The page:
Phoenix has become the nation’s fifth most populous city, according to U.S. Census Bureau population estimates released today. As of July 1, 2006, this desert metropolis had a population of 1.5 million.
New York continued to be the nation’s most populous city, with 8.2 million residents. This was more than twice the population of Los Angeles, which ranked second at 3.8 million. (See Table 1 Excel | PDF.)
The estimates reveal that Phoenix moved into fifth place ahead of Philadelphia, the latest evidence of a decades-long population shift. Nearly a century ago, in 1910, each of the 10 most populous cities was within roughly 500 miles of the Canadian border. The 2006 estimates show that seven of the top 10 — and three of the top five — are in states that border Mexico.
Only three of the top 10 from 1910 remained on the list in 2006: New York, Chicago and Philadelphia. Conversely, three of the current top 10 cities (Phoenix; San Jose, Calif.; and San Diego) were not even among the 100 most populous in 1910, while three more (Dallas, Houston and San Antonio) had populations of less than 100,000. (See fact sheet. [PDF])
The estimates also reveal that many of the nation’s fastest-growing cities are suburbs. North Las Vegas, Nev., a suburb of Las Vegas, had the nation’s fastest growth rate among large cities (100,000 or more population) between July 1, 2005, and July 1, 2006. North Las Vegas’ population increased 11.9 percent during the period, to 197,567. It was joined on the list of the 10 fastest-growing cities by three in the Dallas metro area: McKinney (ranking second), Grand Prairie (sixth) and Denton (ninth). In the same vicinity, Fort Worth just missed the list, ranking 11th.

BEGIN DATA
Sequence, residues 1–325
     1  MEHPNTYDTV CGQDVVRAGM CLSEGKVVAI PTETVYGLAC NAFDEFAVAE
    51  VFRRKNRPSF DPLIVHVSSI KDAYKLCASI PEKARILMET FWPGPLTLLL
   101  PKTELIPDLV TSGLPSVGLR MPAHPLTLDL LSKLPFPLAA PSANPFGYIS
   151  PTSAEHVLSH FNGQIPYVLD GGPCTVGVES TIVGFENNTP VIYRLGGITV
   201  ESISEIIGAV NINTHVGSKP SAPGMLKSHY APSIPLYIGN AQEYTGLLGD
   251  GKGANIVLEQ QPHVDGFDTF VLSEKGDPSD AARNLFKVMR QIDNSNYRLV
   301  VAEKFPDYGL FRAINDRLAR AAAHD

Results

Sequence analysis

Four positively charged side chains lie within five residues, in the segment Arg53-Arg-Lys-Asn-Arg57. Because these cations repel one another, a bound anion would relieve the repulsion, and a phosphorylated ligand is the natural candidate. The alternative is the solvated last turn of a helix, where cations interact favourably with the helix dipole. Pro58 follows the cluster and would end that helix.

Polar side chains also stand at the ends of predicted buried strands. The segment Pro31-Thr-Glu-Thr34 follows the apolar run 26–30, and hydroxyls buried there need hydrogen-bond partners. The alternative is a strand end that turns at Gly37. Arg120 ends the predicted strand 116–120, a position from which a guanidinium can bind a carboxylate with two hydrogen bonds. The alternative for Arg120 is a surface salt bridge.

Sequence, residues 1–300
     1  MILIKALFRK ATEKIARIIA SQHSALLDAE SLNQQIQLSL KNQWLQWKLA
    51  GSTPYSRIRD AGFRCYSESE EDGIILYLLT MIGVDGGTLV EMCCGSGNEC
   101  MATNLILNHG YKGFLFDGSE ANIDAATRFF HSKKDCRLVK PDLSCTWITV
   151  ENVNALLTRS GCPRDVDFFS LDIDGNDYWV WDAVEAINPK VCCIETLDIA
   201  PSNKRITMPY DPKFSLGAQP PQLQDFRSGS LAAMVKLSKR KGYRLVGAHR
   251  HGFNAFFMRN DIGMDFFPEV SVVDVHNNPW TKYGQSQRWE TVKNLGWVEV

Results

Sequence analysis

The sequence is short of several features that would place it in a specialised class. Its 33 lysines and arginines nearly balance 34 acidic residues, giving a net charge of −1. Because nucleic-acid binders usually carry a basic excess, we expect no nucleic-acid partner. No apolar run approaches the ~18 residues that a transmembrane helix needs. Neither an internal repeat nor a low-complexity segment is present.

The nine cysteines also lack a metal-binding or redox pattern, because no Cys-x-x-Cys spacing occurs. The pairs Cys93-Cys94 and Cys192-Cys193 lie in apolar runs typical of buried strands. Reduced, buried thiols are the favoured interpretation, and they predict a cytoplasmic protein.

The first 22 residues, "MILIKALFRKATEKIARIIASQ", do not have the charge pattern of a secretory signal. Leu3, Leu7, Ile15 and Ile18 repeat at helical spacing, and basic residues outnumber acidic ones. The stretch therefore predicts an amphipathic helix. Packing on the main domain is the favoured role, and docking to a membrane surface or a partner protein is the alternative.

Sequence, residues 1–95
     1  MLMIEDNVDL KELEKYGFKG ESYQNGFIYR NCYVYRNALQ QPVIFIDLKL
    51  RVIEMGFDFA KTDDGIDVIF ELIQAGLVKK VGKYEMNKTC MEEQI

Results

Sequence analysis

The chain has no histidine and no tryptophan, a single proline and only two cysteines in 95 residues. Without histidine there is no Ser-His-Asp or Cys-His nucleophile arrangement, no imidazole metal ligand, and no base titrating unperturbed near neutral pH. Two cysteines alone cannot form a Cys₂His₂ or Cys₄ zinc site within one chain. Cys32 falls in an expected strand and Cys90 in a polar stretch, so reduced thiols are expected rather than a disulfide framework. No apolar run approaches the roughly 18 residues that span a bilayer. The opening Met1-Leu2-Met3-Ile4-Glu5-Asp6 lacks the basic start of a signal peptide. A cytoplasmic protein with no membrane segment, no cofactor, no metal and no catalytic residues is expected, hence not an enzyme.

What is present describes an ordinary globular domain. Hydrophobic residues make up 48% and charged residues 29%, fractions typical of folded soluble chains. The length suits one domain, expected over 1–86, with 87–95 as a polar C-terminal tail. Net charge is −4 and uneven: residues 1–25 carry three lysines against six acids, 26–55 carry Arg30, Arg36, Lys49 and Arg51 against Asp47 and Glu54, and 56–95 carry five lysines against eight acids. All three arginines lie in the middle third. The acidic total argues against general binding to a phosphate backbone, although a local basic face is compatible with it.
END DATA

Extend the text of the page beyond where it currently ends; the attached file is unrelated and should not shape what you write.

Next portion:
Florida and Arizona each had two cities among the 10 fastest growing: Port St. Lucie (third) and Cape Coral (fourth) in Florida; and Gilbert (fifth) and Peoria (seventh) in Arizona, both near Phoenix. North Carolina (Cary, near Raleigh) and California (Lancaster, near Los Angeles) each contributed one city to the list. (See Table 2 Excel | PDF.) California had seven cities among the 25 fastest growing, leading all states.
Phoenix had the largest population increase of any city between 2005 and 2006, adding more than 43,000 residents to reach 1.5 million. However, Texas dominated the list of the 10 highest numerical gainers, with San Antonio, Fort Worth, Houston, Austin and Dallas each making the top 10. North Las Vegas; Miami; Charlotte, N.C.; and San Jose, Calif., rounded out the list of the 10 biggest numerical gainers. (See Table 3 Excel | PDF.) Overall, eight Texas cities were among the 25 biggest numerical gainers to lead all states.
New Orleans had by far the largest population loss among all cities with populations of at least 100,000 people. The city lost slightly more than half of its pre-Hurricane Katrina population. It fell from 452,170 on July 1, 2005, to 223,388 one year later — a loss of 50.6 percent. To put the size of this loss into perspective, Hialeah, Fla., which experienced the second-highest rate of loss over the period, saw its population decline by 1.6 percent.
(See Table 4 Excel | PDF.)
For more information about the geographic areas for which the Census Bureau produces population estimates, see <http://www.census.gov/popest/geographi